Why the Airlines Need to Ramp Up Their Cyber Defenses Now

FTI Consulting
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[co-authors: Evan Roberts and Ty lopez]

The boom in passenger travel this year reveals vulnerabilities in the airline industry’s critical infrastructure once again.

Since the widespread availability of COVID-19 vaccines, flights have once again been filled with passengers eager to travel. While the return to normalcy is a major relief for the airlines — air travel in June rose by 400 percent over the pandemic low in April of last year, according to the TSA — it also throws a spotlight on a lingering threat to both the industry and the nation’s infrastructure that’s only grown more dire during the pandemic: cyber attacks.

The rapid shift to digital work, shopping and communication ushered in by the pandemic has brought with it an alarming rise in cyber attacks, and we’ve repeatedly seen the devastating impact that such an attack can have on a company’s operational integrity and reputation. For the aviation industry, which is a key part of America’s critical infrastructure, such an attack represents not just a business risk, but a major vulnerability to the nation’s cyber defenses. And there is growing consensus that airlines in their current state are ill-prepared to defend against such attacks.

A dangerous combination of aging fleets and increased passenger connectivity is creating an attractive target for cybercriminals. As airlines strive to recover from the impact of the pandemic, it’s crucial that they take immediate cybersecurity measures to protect their business, passengers and nation’s infrastructure.

A Perfect Storm of Vulnerabilities

The threat of cyber attack is dynamic and constantly evolving. Cybercriminals are always in search of new vulnerabilities to exploit and new tactics to launch their attacks. Yet an overwhelming majority of commercial airplanes in operation today were designed more than a decade ago and still operate using legacy equipment that is not suited to combat today’s cybersecurity threats.

The threat posed by this outdated equipment was aptly demonstrated in 2017 when the Department of Homeland Security was able to remotely hack a Boeing 757 that was still on the ground. And they did so without inside help, using tools that are allowed to pass through TSA security. While updating aircraft hardware and software would help prevent such threats, doing so involves a long and bureaucratic process that can include thousands of hours of testing.

Further complicating the issue is increased connectivity in commercial aviation. Not long ago, passengers were required to power off all mobile devices on a commercial flight. But today, Wi-Fi is available on most flights, and passengers can access on-demand in-flight entertainment through their personal devices. This introduces additional access points that cyber actors can exploit. It also increases the risks to passengers’ personal data.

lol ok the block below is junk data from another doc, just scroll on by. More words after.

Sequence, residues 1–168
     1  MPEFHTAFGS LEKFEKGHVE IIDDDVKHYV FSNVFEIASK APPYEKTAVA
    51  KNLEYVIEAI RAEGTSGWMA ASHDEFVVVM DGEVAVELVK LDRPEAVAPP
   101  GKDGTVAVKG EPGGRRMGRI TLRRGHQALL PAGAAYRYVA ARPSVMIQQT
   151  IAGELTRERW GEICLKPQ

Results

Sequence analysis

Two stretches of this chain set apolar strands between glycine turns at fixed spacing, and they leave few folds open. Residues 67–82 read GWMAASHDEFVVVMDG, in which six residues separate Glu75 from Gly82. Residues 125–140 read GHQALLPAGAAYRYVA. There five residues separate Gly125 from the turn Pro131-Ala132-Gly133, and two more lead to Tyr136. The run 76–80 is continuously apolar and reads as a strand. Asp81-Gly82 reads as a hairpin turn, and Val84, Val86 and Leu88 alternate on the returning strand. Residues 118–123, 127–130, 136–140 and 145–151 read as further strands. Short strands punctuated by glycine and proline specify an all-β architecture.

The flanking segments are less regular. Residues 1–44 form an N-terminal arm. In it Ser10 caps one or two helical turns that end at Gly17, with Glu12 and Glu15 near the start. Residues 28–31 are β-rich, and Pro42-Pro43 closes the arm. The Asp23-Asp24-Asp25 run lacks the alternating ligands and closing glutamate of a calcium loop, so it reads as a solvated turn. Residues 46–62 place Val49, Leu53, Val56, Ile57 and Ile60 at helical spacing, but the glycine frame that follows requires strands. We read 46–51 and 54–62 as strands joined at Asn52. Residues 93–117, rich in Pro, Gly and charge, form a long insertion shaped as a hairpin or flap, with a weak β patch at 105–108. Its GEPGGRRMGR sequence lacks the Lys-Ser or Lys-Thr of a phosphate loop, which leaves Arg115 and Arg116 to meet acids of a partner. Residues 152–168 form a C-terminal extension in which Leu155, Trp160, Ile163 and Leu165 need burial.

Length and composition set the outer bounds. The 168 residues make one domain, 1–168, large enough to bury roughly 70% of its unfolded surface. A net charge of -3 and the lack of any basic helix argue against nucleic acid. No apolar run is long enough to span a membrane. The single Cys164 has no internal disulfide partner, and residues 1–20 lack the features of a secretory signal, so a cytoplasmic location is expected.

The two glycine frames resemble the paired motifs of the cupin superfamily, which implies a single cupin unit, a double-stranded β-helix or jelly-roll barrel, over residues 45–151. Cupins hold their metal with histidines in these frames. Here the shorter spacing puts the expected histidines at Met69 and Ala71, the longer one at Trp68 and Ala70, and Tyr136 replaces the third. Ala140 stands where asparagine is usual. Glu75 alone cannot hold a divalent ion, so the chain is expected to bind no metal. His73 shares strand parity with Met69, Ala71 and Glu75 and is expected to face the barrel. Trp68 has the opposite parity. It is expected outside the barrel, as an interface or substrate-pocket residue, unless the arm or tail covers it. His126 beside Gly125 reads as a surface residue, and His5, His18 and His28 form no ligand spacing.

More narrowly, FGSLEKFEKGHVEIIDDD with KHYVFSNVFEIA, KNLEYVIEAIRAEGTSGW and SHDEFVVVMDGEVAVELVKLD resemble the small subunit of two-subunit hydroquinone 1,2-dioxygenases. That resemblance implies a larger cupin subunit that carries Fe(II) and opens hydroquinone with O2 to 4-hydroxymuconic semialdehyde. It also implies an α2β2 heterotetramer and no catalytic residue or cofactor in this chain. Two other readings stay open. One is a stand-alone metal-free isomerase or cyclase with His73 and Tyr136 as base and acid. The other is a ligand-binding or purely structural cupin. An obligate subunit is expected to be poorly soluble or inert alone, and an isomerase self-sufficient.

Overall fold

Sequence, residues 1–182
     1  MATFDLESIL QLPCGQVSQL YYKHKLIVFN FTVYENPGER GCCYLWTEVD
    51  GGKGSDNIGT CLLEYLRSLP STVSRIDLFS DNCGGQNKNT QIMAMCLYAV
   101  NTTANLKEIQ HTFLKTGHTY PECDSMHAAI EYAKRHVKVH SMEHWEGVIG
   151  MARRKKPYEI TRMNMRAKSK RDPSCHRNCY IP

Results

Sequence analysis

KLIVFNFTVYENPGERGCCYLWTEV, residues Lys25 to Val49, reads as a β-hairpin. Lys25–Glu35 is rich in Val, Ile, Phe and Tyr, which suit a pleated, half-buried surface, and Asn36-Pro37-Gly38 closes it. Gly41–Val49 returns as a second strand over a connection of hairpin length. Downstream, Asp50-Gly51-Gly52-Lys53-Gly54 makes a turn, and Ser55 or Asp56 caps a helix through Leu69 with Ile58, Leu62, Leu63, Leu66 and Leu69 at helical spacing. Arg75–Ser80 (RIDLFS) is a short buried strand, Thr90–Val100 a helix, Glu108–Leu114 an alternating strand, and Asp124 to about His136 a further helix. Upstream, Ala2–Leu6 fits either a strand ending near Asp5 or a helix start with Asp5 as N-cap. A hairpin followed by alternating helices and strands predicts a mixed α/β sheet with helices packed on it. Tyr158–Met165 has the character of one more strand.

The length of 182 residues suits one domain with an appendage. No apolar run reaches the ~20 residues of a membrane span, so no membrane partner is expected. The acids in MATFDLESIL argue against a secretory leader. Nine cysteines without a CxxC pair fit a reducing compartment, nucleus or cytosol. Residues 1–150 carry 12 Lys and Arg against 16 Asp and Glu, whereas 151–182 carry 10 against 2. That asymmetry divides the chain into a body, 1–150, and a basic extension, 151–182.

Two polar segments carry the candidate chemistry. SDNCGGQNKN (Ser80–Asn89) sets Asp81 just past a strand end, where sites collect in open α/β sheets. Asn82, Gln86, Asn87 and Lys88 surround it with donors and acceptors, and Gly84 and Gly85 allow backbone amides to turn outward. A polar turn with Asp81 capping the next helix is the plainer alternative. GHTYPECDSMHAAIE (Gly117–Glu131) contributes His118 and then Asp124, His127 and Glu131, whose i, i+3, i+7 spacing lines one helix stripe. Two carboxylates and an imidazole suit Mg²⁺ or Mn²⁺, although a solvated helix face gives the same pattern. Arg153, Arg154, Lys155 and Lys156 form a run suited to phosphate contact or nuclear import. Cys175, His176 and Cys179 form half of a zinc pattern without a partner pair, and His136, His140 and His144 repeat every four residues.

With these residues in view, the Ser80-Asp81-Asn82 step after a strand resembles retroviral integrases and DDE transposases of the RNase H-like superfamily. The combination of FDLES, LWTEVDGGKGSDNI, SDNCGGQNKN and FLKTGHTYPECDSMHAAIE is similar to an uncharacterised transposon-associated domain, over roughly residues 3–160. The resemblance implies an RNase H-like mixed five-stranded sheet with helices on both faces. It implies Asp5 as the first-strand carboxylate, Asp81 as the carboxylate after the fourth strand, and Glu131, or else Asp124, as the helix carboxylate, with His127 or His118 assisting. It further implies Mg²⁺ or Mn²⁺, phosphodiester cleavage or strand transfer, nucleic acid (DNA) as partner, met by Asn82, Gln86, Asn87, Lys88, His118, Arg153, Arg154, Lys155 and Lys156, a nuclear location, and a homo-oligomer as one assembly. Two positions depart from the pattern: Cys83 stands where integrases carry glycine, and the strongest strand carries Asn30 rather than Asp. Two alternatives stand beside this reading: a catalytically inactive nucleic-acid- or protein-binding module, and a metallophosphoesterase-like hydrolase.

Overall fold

Though there is no magic bullet, there are steps that airlines can take now to minimize their exposure and mitigate the fallout from cyber attacks.

Adopting a “Crisis Ready” Mentality

Until large-scale fixes can be implemented, airlines need to approach cyber preparedness with a “crisis ready” mentality, much the way they do crashes or other operational disruptions.

But before airlines develop preparedness plans, they must first work to understand their cybersecurity risk profile. In other words, how would an attack specifically affect their business? Determining this will assist in crafting a more accurate and deployable incident response plan, which will help mitigate damages and ensure reduced business interruption.

Here are just a few examples of questions that airlines should be able to answer in anticipation of a cybersecurity incident:

  • What is the escalation protocol if an incident is discovered?
  • If necessary, who makes the decision to shut off parts of the network or ground planes?
  • Who is responsible for notifying regulatory and law enforcement agencies?
  • How should an incident be communicated to customer-facing employees if corporate email is down?

If a significant cyber attack does occur, communicating with regulatory agencies, law enforcement, staff, airports, press and customers in a consistent and timely manner will be crucial — as will knowing who’s on point to do the outreach to these groups. That means designating decision makers and incident response teams now, establishing escalation protocols and identifying alternate means of communicating with stakeholders in case of network disruptions.

Once a cyber-specific crisis communications plan is in place, airlines need to participate in tabletop exercises that simulate a real-life cybersecurity incident. Such exercises can make all the difference in the case of actual attack when the company has to operate quickly and efficiently from “muscle memory.”

The Urgency To Act Now

As with any large-scale threat, the most practical way to hedge against this risk is for the airline sector to study previous cybersecurity incidents against critical infrastructure, understand the lessons learned and proactively develop a plan of action to address worst-case scenario events. Though it is incumbent on the aviation industry and the government agencies overseeing it to address cybersecurity vulnerabilities in the long term, it is equally urgent that the individual airlines take whatever steps are available to them now to prepare for the crisis.

It’s a lesson that airlines have learned time and again: Preparedness is not just understanding potential threats. It is having a tested response plan ready, ensuring everyone knows their role and being able to jump into action at any time.

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